Nancy Pelosi Is Now Biggest Risk To Mexico Stock Market, Economy
Mexico’s stock market and its economy has been somewhat of a laggard thanks to two things. One reason is domestic woes surrounding president Andres Manuel Lopez Obrador. The other is Nancy Pelosi’s potential for holding up the new Nafta in order to avoid giving President Trump a win.
The iShares MSCI Mexico (EWW) exchange traded fund, one of the easiest ways into Mexican stocks, is up over 1% on Monday morning while the rest of the emerging markets are up only 0.2% and the S&P 500 is down. That alone goes to show who the market is ready to reward first once this thing is done.
Mexico’s stock market is up because trade negotiators from the U.S., Mexico and Canada have reached a final agreement on new Nafta, which Trump rebranded as the United States-Mexico-Canada Agreement, FOX Business reported.
A final deal could come together in the next 24 hours, but Pelosi and some Democrats are stalling. Should Pelosi not hold a vote on this, Mexico’s stocks would sell off again, struggling to maintain pace with the rest of the emerging market index, and its economy would keep its sentiment headwind heading into 2020.
Although the old school Nafta deal is still in place, Mexico’s economy has not benefited at all from a strong U.S. economy. It contracted 0.3% on an annualized basis in the third quarter. Mexico’s GDP also contracted 0.9% annualized in the second quarter. Mexico is now in a recession. Stalling on this trade deal will not make things better for AMLO, whose popularity is slipping.
Should Pelosi bring the issue to a floor vote, it is widely expected to pass. It would be the largest and most talked about bipartisan bill agreed upon outside of Russia and China sanctions since Trump’s election.
Pelosi expressed concerns over Mexican auto work pay, wanting it to average $16 an hour depending on the type of labor in order not to undercut the wages of U.S. auto workers. AMLO confirmed this morning that the Mexican Senate agreed to labor arbitration panels, a compromise solution to Mexico’s push-back against on-site enforcement inspections of automotive plants.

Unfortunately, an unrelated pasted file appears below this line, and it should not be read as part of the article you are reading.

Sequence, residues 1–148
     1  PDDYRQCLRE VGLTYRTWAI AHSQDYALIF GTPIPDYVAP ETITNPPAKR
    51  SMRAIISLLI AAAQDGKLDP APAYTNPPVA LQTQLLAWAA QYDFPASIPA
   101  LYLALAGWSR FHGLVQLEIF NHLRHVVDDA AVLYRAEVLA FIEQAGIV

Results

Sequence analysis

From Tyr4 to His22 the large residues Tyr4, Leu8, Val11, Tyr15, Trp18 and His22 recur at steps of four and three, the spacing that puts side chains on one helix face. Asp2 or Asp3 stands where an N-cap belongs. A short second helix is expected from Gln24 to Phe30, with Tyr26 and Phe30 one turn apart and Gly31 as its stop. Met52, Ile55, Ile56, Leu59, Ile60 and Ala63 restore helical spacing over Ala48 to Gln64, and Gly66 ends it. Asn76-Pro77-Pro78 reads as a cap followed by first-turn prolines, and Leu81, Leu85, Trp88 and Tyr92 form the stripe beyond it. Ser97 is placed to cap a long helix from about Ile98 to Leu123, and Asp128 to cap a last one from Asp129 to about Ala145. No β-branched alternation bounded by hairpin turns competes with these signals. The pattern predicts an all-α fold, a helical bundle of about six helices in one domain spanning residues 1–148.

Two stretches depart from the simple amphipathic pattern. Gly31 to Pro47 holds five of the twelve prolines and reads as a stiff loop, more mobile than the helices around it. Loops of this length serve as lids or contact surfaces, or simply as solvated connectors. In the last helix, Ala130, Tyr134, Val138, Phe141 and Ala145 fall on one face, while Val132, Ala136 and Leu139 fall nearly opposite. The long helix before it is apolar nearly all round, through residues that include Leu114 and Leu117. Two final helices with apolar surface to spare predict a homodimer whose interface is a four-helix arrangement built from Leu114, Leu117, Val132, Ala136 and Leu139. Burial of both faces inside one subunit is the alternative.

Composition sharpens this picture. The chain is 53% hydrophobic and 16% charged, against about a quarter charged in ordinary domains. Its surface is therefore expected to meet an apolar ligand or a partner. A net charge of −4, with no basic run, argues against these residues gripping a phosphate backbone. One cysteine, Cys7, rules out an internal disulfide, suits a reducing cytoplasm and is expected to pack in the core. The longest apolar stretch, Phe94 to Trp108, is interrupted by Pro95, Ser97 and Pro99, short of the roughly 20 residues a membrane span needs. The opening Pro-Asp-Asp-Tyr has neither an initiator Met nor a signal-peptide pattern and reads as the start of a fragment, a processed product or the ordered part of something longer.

AFL-CIO president Richard Trumka says he supports the new deal. The AFL-CIO is in line with Democratic Party policies.
China Can “Pound Sand”
Once signed and official, the USMCA would give a lift to American agribusiness, as does a recent U.S.-Japan trade deal.
“The U.S. now has ‘TPP or better’ levels of access to Canadian and Japanese agriculture markets,” says Brian McCarthy, chief strategist for Macrolens, an investment research firm in Stamford, Connecticut.
TPP is the Trans-Pacific Partnership, an Obama-era trade deal that was killed immediately once Trump took office.
Should Pelosi bite the bullet and give the country — and Wall Street — a chance to shelve this issue, then it removes pressure to sign a phase one trade deal with China. Part of the phase one deal includes promises to import more U.S. farm goods, namely soybeans. Pelosi is no fan of China. USMCA releases some pressure on China trade.
CNBC host Jim Cramer has used his time on Squawk on the Street and his own show, Mad Money, to warn investors that Trump no longer needs a China deal. Last week, it was solid jobs numbers and wage growth, despite tariffs.
On Monday, he asked why the U.S. should even bother signing a deal following China’s alleged banning of all U.S. computer software from government offices by 2023, the Financial Times reported.
“I think people continue to believe that there’s going to be a (China) deal because they think it’s rational, ‘Why not do a deal? It’s good for both sides,’” Cramer said this morning. “I think the president is increasingly saying, ‘If they’re going to continue in my face to not want to do a deal, I’m happy to walk away.’ So I think that’s the tenor of things right now.”
The passing of the USMCA makes it less imperative for Trump to score another trade win as Washington clearly believes Mexico and Canada are more important and more trustworthy trade partners than China.